From a grammatical point of view, both are fine, and to claim otherwise is mere pedantry. But here's my evidence that the irregular form more closely associates with legal, rather than, say, culinary contexts...

proven/proved guilty 148,000 / 137,000 hits in Google Books
proven/proved dough 32 / 180 hits
dough is proven/proved 0 / 31 hits

  • Note that prove dough has been incompletely replaced with the derived form proof dough, and proofed dough and dough is proofed are considerably more common than the choices you present. – snailboat May 17 '13 at 16:50
  • @snailboat: I was going to comment further along those lines, but I felt it was getting a bit detailed already for ELL. To my mind, the only important thing is that the regular form is at least "acceptable" in all contexts to all except raving pedants. So the easiest option for learners is simply to use that form themselves. They can probably guess the meaning of proven/proofed afresh each time if and when they come across these variants; they're barely worth learning as such, because you never really need to generate them yourself. – FumbleFingers May 17 '13 at 16:59
  • 1
    Verbs aside, with adjectives, the case is much clearer: proved does not sound very good in a ?proved fact, and a proven fact sounds much better. One encounters proven things to be much more suitable than ?proved things, which sounds almost alien used as an adjective. – tchrist Sep 28 '14 at 4:40

There's a usage dispute about whether one should say It has been proved versus It has been proven. It seems clear to me that the proper expression is almost always the one with proved because that's the preferred past participle of the verb prove in contemporary English. In the venerable 19th-century aphorism Innocent until proven guilty, however, it's always proven.

Some usage mavens are intractably infected with their own sense of infallibility and will change what is clearly an acceptable alternate form to what they know the grammar god insists on as it whispers The Truth into their Jean d'Arc ear.

There's nothing wrong with your sentence that changing your style to my style won't improve, because my style is sooooo much better is the hallmark of such editors. The only change I'm sympathetic to is changing Is it proved...? to Has it been proved...? because it's still not a settled issue, it seems. (I have no opinions about it.) But I wouldn't change proved to proven.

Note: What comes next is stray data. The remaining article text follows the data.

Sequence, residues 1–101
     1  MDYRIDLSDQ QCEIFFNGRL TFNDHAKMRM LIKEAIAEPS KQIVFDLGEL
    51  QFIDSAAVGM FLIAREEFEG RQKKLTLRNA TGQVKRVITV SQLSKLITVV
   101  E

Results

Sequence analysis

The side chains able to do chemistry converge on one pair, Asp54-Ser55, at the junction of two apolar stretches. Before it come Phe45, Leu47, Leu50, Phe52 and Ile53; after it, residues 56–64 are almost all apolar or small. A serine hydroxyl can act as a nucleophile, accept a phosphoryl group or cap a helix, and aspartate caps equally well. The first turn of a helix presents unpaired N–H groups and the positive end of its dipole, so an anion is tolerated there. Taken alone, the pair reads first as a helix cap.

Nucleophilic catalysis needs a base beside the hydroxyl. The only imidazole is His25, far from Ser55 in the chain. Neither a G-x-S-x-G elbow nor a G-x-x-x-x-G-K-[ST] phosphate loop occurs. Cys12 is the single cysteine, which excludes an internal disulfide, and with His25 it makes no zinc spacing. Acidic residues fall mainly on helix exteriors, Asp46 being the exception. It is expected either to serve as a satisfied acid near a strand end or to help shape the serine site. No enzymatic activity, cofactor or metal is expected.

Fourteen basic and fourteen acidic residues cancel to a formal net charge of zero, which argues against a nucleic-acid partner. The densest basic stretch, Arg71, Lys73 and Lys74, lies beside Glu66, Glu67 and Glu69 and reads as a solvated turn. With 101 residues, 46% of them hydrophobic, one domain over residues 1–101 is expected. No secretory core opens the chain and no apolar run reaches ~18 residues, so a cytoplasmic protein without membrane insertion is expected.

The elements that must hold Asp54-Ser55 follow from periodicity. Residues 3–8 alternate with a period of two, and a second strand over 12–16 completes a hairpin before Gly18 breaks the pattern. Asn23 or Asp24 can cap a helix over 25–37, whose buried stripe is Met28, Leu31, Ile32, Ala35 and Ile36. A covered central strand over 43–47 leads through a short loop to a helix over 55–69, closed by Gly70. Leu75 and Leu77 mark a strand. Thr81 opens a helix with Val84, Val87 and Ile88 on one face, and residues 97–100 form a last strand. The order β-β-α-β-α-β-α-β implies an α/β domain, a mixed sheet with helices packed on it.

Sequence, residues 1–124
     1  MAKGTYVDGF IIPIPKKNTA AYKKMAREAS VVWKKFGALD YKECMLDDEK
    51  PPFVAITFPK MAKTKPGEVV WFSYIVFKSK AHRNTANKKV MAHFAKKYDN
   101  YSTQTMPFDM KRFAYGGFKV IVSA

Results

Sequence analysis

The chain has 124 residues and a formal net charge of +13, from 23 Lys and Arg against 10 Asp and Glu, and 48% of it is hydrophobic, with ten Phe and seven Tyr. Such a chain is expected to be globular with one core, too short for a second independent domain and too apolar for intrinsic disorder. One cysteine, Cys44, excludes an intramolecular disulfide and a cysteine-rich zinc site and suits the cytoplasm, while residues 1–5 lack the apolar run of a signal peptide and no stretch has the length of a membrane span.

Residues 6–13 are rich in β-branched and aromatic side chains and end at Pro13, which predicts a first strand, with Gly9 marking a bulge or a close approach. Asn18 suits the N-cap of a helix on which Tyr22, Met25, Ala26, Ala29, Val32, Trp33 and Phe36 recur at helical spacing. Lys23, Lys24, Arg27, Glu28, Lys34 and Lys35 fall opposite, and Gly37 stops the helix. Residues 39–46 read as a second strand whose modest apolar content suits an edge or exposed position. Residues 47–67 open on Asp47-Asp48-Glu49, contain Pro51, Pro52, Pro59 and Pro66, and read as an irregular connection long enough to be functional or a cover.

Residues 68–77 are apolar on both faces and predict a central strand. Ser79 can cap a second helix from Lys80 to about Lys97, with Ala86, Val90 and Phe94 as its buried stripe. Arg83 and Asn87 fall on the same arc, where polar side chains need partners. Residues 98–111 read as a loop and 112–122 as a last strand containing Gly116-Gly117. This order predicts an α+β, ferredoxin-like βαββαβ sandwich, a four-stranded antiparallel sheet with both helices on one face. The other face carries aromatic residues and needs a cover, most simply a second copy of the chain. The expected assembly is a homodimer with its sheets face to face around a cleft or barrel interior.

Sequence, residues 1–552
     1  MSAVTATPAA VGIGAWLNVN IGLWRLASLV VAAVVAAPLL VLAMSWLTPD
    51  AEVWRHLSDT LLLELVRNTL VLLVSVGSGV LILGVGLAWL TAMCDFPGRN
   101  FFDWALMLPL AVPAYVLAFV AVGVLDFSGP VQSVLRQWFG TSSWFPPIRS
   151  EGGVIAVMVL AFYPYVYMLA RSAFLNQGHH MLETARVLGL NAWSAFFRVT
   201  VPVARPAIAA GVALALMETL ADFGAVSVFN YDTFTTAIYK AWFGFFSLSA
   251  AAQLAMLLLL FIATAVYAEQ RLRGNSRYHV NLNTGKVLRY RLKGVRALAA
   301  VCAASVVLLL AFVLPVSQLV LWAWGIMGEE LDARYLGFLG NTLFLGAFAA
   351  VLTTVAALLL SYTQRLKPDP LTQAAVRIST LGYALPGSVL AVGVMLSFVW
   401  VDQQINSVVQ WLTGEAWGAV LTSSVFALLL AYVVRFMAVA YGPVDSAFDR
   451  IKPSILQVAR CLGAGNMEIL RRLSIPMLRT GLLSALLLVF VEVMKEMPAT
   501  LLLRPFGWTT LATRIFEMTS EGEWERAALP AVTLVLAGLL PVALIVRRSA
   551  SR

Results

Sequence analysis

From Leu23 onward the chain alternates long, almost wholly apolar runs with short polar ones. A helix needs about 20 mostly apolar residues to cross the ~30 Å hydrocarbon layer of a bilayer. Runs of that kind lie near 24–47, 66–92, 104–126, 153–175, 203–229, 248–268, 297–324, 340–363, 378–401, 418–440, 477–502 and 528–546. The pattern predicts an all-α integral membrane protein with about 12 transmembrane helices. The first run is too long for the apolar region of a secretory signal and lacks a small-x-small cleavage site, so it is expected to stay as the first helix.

• Bill, is it correct to say "those sentences had been written" or is it better "those sentences it had been written"--i.e., who is the subject, "those sentences" or "it"? – user114 May 17 '13 at 14:12
  • @Carlo: I'm sorry, but I don't really understand your question. Can you give me the entire sentence? "those sentences had been written" is a grammatical phrase that might qualify as a complete independent clause in the right context, but "those sentences it had been written" seems prima facie ungrammatical. – user264 May 17 '13 at 14:26
  • +1 Both strong (preve, prove, proven) and weak (prove, proved, proved) were current in Middle English; in Early Modern English the strong form prevailed in the North and in Scotland and the weak form in the South; but proven reentered Standard English in the 17th century, and both have been current for the past 300 years. OED actually gives a quote from Gladstone which uses both in the same sentence. You pays your money and you takes your choice. – StoneyB May 17 '13 at 14:32
  • Bill, thank you very munch indeed. I wrote that clause in the very last sentence of my question: "In reference to the context where those sentences had been written, can anybody explain ..." – user114 May 17 '13 at 14:33

The other answers are not entirely correct. "Proved" and "proven" are not equivalent. Generally "proved" is the past participle, while "proven" is the attributive. There are some dialectical variations, however, so this is not necessarily true in all cases.

It is therefore correct to say "has it been proven", and incorrect to say "is it proved?", but it would also be correct to say "is it proven?" or "has it been proved?"